Do you feel nervous around people you don’t know or when you meet someone for the first time? What about when you have to speak in front of other people? How do you feel when your friends and family sing “Happy Birthday” to you? If you are a student and the professor calls on you and asks you questions during your class in front of the whole room, do you get anxious? These are common with Social Anxiety.
When there’s a lull in the conversation during a get-together, do you feel uncomfortable? You want to say something to break the silence, but can’t summon the courage?
Your neighbors’ noisy parties are driving you insane, but you feel uncomfortable asking them to be quieter?
If you feel anxious in most of these situations (or get anxious just imagining being in them), it is very likely that you’re suffering from social anxiety. There are great misconceptions about this disorder, manifested in deadpan jokes such as, “I thought I had social anxiety. Turns out I just hate people. What a relief!” Social anxiety, however, is no laughing matter.
What Is Social Anxiety?
Social anxiety is the fear of interacting with other people. Those who suffer from it are afraid of being judged, because they tend to be too hard on themselves. Their low self-esteem and lack of self-confidence make them afraid that everyone else will be judging them the way that they judge themselves. This makes them avoid social situations so they don’t have to deal with feelings of inadequacy, embarrassment, and sadness.
Social anxiety is one of the biggest mental health care problems in the world today. Millions of people suffer from this devastating condition.
Symptoms of Social Anxiety Disorder
People who suffer from social anxiety disorder tend to experience great emotional distress when being introduced to others, when they find themselves at the center of attention or if they are being watched while doing something. They feel nervous in most social encounters, especially with strangers, and also if they are being criticized. The physiological manifestations of social anxiety include a “racing” heart, deep and intense fear, blushing, dryness in the mouth and throat, excessive sweating, trembling, difficulty swallowing and muscle twitches. It doesn’t help being told these fears are irrational – people with social anxiety know they are. Yet, the fears persist. Anxious thoughts and feelings do not go away even though these people “face their fears” all the time – it is almost impossible to avoid all social situations, and you may have noticed that avoidance exacerbates the problem. You’ll find it really helpful to face the social situations you are afraid of rather than avoid them.
Avoidance fuels social anxiety. It makes you feel better in the short term, but prevents you from becoming less fearful in social situations and from learning how to cope in the long run. The more you avoid a stressful social situation, the scarier it becomes. Avoidance may also be keeping you from doing things you want or reaching certain goals. A fear of public speaking could keep you from sharing your amazing, creative ideas at work, standing out in class or making new friends.
How to be Social with Social Anxiety
It is possible to overcome social anxiety, but not without making an effort. This includes actively seeking out a supportive social environment. As a start, you could take a social skills or assertiveness training course. Such are often offered at local community colleges or adult education centers.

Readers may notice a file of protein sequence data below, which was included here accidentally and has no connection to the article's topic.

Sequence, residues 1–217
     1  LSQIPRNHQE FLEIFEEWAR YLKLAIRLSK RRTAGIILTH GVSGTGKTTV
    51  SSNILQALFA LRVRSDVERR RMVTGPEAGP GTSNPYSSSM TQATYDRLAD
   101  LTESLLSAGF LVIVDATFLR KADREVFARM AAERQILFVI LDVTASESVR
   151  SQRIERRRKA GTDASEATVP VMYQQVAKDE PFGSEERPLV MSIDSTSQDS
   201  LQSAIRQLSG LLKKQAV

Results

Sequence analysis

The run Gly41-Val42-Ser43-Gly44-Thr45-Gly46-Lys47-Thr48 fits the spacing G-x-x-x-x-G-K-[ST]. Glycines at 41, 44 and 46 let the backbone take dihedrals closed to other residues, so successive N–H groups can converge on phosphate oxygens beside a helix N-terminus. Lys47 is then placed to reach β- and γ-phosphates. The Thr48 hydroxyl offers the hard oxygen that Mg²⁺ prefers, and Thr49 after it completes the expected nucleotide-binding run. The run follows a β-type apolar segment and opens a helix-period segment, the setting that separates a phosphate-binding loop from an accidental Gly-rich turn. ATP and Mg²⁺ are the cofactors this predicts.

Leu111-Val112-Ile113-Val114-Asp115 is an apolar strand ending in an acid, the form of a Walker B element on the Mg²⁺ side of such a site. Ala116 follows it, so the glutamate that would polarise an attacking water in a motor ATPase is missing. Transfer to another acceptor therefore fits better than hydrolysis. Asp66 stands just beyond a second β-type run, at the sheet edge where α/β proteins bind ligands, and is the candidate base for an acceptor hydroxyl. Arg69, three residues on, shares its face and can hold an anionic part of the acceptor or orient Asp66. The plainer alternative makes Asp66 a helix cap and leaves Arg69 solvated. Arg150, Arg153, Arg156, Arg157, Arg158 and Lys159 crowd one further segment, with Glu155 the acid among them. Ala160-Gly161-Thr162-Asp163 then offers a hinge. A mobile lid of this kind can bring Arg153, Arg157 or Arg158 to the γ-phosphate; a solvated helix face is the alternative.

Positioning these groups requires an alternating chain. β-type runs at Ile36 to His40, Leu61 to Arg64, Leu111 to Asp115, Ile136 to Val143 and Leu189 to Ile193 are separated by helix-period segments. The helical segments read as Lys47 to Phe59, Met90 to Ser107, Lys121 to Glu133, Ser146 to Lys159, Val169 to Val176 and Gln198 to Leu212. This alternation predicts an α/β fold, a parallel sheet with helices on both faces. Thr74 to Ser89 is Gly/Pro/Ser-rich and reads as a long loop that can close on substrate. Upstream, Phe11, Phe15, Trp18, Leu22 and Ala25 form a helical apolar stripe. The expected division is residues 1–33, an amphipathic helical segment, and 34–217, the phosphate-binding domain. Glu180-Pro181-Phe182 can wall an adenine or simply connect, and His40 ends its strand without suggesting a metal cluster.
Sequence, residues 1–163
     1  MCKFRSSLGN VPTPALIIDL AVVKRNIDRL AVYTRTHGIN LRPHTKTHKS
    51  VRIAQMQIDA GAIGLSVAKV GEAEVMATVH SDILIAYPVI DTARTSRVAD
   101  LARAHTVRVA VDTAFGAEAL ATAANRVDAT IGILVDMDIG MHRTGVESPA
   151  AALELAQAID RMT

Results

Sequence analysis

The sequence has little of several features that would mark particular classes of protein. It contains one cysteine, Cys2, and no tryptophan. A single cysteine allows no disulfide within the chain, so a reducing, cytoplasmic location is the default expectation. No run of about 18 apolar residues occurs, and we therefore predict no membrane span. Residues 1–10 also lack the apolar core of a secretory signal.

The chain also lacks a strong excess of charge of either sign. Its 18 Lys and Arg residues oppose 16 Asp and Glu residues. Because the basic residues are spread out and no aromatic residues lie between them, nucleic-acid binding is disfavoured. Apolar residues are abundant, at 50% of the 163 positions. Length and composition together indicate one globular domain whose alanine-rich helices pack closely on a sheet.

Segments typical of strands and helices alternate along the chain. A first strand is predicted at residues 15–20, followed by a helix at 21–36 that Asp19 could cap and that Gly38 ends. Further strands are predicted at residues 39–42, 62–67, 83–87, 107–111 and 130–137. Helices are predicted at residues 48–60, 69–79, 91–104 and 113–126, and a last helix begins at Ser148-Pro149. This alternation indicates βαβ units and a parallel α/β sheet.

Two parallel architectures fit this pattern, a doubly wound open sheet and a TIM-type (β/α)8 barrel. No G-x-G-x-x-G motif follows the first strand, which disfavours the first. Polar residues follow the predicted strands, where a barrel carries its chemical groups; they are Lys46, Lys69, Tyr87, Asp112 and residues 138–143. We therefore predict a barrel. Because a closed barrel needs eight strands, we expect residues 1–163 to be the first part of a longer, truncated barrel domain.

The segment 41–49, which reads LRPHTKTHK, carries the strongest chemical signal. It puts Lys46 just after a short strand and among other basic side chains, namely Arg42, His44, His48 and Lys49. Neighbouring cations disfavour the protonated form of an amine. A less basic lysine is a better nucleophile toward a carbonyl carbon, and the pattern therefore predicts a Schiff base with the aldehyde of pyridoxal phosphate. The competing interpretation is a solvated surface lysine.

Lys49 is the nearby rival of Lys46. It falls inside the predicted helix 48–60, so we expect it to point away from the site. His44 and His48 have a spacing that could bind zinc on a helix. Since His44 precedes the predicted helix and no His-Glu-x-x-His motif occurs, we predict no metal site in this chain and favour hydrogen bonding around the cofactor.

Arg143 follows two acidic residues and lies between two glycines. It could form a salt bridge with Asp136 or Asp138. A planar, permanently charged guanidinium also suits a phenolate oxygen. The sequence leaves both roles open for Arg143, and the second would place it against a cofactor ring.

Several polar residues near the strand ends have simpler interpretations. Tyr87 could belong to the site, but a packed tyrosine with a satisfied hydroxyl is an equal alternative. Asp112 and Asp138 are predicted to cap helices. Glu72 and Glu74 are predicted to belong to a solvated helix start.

Volunteering is another helpful approach. You could volunteer to do something you enjoy, like making flyers for a campaign. Anything that will give you an activity to concentrate on while communicating with like-minded people will help.
If you are really awkward or nervous around others, trying to “face your fears” may seem like torture. It is, however, possible to block self-critical thoughts, become more confident, enhance your self-esteem level, and become more secure in social situations. You don’t have to change who you are as a person. You can get past your fears and nurture rewarding friendships just by learning new skills and adopting a different outlook.
This begins with challenging negative thoughts. Social anxiety sufferers have negative ideas and beliefs that exacerbate their anxiety, such as, “I know I’ll end up looking like a fool” or “My voice will start shaking and I’ll embarrass myself.” Other negative thoughts include “Everyone there will think I’m stupid” and “I’ll look boring because I never have anything to say.” Recognizing and protecting yourself from negative thoughts is an effective approach to reduce the symptoms of social anxiety.
How does this work? The first step is to recognize and begin to identify automatic negative thought patterns that underlie your fear of social interaction. For instance, if you’re worried about an upcoming presentation you have to give before co-workers and your boss, the underlying negative idea might be that you will fail and everyone will think you’re completely unprofessional and incompetent. The next step is to evaluate and challenge these thoughts. You can do this by asking yourself questions about them, such as: “Do I know for sure that the presentation won’t go well?” or “Even if people sense I’m nervous, do I know for a fact that they’ll think I’m incompetent?” This logical evaluation of your negative thoughts and beliefs will help you gradually replace them with positive and more realistic ways of looking at social situations that provoke your anxiety.
It can be incredibly frightening to think about why you think and feel a certain way, but it’s an effort worth making, because understanding the reasons behind your anxiety will help reduce its negative impact on your life.
Certain thought patterns can fuel social anxiety. These include what I call fortune telling, mind reading, personalizing, and focusing on worst-case scenarios.
Fortune telling – “Telling” the future, usually seeing situations developing in terrible ways. You know things will go horribly, so you get anxious before you’re even in the situation in question.
Mind reading – Assuming you know what other people are thinking. You are sure they see you in the same negative way you see yourself.
Worst-case scenario – Everything seems like a catastrophe. You over exaggerate things. It’s going to be a disaster if people notice that you’re nervous.